The next layer out represents EPA partners, those who operate in cooperation with EPA, like the Health Effects Institute, Colorado State University, etc. who maintain data dissemination systems (many that integrate data from outside of AQS). Also in this layer are special studies (DEARS, NMMAPS, etc.) that manage the full lifecycle of air quality data management from collection to dissemination. Generally these non-governmental partners and EPA communicate with each other and the action that one takes may influence the other. Considering again the PM2.5 example, the HEI Air Quality Database uses the EPA provided data for PM and the nearest gas phase monitors, and integrates EPA emissions and non-EPA population and meteorological information. This is a value-added service to provide a custom-tailored solution to a specific community. Finally, there is the layer entitled “Others,” which represents those stakeholders who operate independently. These are the “unknown unknowns” in terms of additional data that may be collected or made available. Each of these groups brings with them a different list of what they can do easily, what they can do with difficulty, and what they cannot do. That is, each provides a degree of flexibility or constancy that makes them the best at providing a particular product or service. Collaboration, building on the strengths of each organization, is critical and one organization may have to take up the role of integrator and communicator so the research community knows where to get vital information. That is, if a clearinghouse listing all available databases, datasets, and access systems is needed, someone will have to manage its creation and maintenance.

The remainder of this paper discusses only one EPA access mechanism, the AQS Data Mart Direct Interface, which was designed specifically to address the needs of the research community. EPA perceived these needs as primarily the ability to locate and extract large sets of data. The Data Mart was made available for internal EPA use in mid-2006 and for external use, along with the Direct Interface, in early 2007. Use has been growing steadily since then. Overall, it has been well received by most of those who have accessed and used it. Initially a pilot project, the reaction from users has been positive enough that EPA management has committed to ongoing support for the system. Most of the negative reaction falls into two categories: the user friendliness of the system and the documentation of the data. To address the first, we continue to add features and improve usability to make the Data Mart as friendly as possible to the research community. Documentation of the data is not a problem inherent to the Data Mart, but we realize it is much needed, so we are also addressing this as we can. The remainder of this paper will introduce the Data Mart Direct Interface, compare it to the HEI Air Quality Database, and place “charge” questions to the research user community to help us continue to improve these systems to meet your needs.

Contents of the Data Mart

The Data Mart contains every measured (“raw”) and aggregated (“daily and annual summary”) value reported to AQS from January 01, 1980 to the present. It also contains all of the same site and monitor descriptive data and measurement metadata in AQS. We have converted most data-entry codes to plain English words to help with the interpretation of downloaded data. There are no additional quality assurance steps performed on the data in the Data Mart, as the data in AQS are generally considered to be of the highest quality. Data must undergo many quality control steps as part of the loading process before it is saved in the AQS database. Likewise, submitters are required to assure that the monitor is operating properly and has passed precision and bias checks before loading the data. Finally, each year, EPA and the submitter review the data for completeness and correctness before the data are “certified” for regulatory use. It should be noted that IMPROVE (visibility network) and SANDWICH (modeled PM2.5 species) data are not generally reported to AQS. However, EPA staff has recently loaded the IMPROVE data for 1988-2005 into AQS and the loading of SANDWICH data is planned. As of January 14, 2008, there were 1.67 billion raw measurements for 885 different parameters in the database (there is a profiling spreadsheet under the documentation section of the web page). The Data Mart is refreshed from AQS each weekday night, so it always has the latest available information. However, since data up to 4 years old can be submitted to AQS at any time, and there are special windows for “historical” data updates, any of the contents can change at any time. That is, there is no freezing or snapshotting of data into a static version in the database.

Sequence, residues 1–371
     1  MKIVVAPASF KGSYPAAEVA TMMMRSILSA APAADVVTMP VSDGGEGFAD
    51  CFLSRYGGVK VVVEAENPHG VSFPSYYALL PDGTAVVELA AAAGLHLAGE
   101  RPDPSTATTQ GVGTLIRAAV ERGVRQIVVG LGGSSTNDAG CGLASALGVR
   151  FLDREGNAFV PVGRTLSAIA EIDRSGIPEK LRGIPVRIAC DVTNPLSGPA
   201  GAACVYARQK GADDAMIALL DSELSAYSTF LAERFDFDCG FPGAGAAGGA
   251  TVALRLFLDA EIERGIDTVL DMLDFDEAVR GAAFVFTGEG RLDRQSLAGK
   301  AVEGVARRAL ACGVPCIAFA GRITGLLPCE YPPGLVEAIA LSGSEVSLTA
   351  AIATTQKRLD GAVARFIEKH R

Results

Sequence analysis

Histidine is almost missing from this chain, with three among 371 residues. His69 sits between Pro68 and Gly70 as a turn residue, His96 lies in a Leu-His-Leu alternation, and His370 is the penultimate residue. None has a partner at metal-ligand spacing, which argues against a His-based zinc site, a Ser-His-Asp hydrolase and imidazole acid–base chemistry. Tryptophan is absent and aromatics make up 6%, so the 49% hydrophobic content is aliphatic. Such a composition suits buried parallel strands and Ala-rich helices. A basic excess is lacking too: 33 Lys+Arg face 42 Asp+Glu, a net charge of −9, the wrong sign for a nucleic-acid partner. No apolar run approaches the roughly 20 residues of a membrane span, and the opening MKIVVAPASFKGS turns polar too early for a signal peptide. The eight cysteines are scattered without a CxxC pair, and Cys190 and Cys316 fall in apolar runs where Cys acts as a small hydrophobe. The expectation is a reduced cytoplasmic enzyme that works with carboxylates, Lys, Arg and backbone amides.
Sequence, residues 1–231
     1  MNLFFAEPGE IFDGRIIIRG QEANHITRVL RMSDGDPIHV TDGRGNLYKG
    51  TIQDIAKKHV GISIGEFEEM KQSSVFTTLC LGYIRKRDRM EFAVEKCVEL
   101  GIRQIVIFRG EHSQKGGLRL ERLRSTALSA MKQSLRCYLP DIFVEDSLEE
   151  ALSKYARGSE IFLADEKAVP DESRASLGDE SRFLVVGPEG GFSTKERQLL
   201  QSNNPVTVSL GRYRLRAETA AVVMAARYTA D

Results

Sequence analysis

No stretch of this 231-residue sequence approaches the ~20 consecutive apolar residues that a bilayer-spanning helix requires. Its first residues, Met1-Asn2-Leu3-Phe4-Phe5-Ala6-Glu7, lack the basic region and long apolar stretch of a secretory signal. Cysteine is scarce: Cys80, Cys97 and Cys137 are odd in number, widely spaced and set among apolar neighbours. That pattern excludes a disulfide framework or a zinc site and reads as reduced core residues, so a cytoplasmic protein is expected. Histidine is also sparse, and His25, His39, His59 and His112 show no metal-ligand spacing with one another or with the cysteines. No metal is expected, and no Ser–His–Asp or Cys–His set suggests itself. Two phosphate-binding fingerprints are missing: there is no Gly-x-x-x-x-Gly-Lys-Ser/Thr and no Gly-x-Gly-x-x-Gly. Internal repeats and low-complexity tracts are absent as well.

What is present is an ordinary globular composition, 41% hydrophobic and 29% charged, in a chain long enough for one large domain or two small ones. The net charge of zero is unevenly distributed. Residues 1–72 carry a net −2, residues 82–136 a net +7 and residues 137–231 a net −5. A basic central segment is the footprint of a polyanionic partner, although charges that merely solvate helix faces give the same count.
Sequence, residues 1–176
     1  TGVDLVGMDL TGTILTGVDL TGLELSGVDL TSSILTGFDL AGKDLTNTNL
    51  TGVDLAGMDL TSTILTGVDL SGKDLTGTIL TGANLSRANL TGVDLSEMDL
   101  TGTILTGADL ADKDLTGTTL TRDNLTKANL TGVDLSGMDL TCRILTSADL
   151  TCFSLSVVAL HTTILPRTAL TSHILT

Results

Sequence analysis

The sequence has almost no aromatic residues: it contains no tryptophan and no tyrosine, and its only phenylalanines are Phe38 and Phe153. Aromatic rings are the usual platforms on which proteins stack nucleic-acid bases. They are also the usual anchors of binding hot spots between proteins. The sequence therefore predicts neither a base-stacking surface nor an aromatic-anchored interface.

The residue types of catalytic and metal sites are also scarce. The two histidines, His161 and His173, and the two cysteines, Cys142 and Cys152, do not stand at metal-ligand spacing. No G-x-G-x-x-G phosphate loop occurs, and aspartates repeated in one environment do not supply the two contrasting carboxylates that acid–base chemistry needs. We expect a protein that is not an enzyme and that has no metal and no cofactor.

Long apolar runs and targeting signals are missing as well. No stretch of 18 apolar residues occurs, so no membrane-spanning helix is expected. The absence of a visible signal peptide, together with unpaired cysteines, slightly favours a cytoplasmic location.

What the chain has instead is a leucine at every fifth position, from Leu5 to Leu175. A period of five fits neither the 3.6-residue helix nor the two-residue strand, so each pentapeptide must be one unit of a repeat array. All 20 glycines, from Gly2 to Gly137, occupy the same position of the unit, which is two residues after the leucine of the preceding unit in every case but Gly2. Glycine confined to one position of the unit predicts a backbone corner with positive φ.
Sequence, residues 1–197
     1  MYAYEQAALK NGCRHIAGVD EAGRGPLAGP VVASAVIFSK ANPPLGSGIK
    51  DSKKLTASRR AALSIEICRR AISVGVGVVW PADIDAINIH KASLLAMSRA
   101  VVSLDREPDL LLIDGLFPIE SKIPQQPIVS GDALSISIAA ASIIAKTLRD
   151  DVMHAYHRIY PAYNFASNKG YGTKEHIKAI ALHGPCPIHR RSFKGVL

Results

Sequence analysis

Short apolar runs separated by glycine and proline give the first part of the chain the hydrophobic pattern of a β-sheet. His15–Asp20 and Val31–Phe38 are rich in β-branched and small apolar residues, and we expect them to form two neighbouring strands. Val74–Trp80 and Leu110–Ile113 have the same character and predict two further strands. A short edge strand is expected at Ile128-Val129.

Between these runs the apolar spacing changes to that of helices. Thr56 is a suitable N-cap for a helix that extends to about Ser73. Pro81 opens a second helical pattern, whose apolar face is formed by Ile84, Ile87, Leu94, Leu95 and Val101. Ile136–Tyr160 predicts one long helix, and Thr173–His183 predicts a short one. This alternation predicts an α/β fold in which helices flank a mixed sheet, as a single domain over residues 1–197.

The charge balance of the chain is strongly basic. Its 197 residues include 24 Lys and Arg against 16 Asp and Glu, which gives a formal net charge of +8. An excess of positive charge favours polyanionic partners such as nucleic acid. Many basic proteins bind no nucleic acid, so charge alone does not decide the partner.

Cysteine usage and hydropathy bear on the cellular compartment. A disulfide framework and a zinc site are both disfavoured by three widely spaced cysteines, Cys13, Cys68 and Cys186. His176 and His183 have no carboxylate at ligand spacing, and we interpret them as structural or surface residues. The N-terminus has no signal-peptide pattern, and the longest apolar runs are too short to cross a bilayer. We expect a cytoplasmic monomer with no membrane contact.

Accessing the AQS Data Mart

The AQS Data Mart can be accessed by visiting the webpage,, and following the “Access” link. Registration is required, and a user ID and password needed for access. You may sign up for your own account or use a guest account with user = and password = AQSdatamart1 (case sensitive). Access is provided by an application that you can either run in your web browser or download and run on a PC. The application is used to submit a query. A query lets the user select the geography, substance (parameter), time, metric, and optional data to return. The Data Mart currently has five queries, summarized below.




Recommended, returns any single raw, daily, or annual variable with metadata and is very efficient


Returns descriptions of the monitoring site and equipment

Annual Summary

Returns all annual summary aggregate statistics for the monitors selected

Raw Data 

Returns raw data in the AQS transaction format - recommended only for AQS users

Sites by Threshold

Returns a list of sites that meet a specific data-related threshold that you specify

When the query is complete, results can be downloaded using the application or by following a link in an email message sent to the user. All output is in XML format, but with embedded links to stylesheets for user-friendly display.

The Data Mart is intended as an extraction system only and EPA does not plan to provide analytic or graphical capabilities with the Data Mart. However, some of the other tools that EPA provides do have these capabilities (see Appendix A for details).